One afternoon in June, I went to see Sarah Dennis Phillips, the official charged with rehabilitating San Francisco’s businesses. “I’m confident,” she said. “It’s just a question of how long it takes.” A few weeks earlier, she had been appointed the executive director of San Francisco’s Office of Economic and Workforce Development—effectively, the trauma surgeon for downtown—after a career spent bringing the downtowns of small, quiet, boring Northern California suburbs to life. Of one city, Livermore, she explained, “We had to create a ‘Right to Live Downtown’ ordinance that everyone moving into a residential building would sign, acknowledging they would not get upset that things weren’t quiet at 7 p.m.” Now she faced the inverse problem: a city worried that its downtown was too quiet.

On her first day on the job, it was announced that the lender for the largest mall in the district, operated by the Westfield corporation, would retake possession of the property—a five-story retail center with spiral escalators, opposite the city’s most famous cable-car landing. “We knew Westfield would be a challenge to deal with,” Dennis Phillips told me, in a loud café near City Hall. People all around us were absorbed in their phones and laptops, poring over the day’s work. “We just didn’t know that it was going to happen this fast.”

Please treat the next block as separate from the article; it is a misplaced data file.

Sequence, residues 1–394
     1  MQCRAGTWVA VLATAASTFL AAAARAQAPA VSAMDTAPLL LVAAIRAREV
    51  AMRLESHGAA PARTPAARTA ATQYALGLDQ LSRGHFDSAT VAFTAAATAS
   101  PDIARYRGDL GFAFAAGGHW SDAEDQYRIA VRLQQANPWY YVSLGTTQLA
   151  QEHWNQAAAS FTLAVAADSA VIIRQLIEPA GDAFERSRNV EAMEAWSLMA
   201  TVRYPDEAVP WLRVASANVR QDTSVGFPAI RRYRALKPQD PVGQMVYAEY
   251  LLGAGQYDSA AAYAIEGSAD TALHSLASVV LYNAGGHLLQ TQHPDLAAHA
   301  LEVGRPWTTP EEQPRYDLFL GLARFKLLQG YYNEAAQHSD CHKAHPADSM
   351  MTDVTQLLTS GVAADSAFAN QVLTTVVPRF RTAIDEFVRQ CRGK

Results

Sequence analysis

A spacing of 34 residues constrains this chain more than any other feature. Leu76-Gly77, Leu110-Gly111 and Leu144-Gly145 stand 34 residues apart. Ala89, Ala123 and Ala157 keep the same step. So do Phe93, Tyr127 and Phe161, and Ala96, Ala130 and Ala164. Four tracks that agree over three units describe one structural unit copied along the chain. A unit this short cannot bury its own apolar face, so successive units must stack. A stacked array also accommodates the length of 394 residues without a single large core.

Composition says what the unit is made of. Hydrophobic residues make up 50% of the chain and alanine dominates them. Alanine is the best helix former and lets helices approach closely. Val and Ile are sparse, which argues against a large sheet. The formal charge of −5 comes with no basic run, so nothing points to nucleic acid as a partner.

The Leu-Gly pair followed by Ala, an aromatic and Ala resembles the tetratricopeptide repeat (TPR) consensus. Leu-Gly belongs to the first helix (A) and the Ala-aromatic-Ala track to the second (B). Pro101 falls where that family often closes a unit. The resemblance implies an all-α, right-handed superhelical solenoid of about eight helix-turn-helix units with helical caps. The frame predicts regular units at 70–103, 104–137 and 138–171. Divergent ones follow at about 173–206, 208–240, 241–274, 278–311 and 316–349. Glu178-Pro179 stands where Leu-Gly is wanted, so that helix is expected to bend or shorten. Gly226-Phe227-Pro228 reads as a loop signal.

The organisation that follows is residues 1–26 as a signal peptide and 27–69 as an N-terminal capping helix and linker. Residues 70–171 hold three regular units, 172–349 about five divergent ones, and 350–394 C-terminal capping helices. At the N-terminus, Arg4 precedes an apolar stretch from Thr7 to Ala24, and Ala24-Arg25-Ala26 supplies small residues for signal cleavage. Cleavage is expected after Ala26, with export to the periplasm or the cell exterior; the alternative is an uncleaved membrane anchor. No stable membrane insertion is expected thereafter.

The city’s downtown has experienced slumps before. In the seventies and eighties, San Francisco, undergoing what was then described as a wave of drug use and crime, saw a series of exits to the suburbs. Skyline disputes—sparked in part by the city’s tallest building, the Transamerica Pyramid, and drawing on fears of “Manhattanization”—produced an over-all square-footage cap, which constrained growth. In a new book, “Portal,” the urban-design critic John King recalls the bitter year of 1983, when the city’s mayor, Dianne Feinstein, faced a ballot recall instigated by a far-left group called the White Panther Party. (Feinstein sought to ban handguns; the White Panthers believed that poor residents needed them for self-protection.) Remarking on the city’s air of terminal insecurity in those years, King describes “a pessimism that was more than a match for detailed land-use plans.”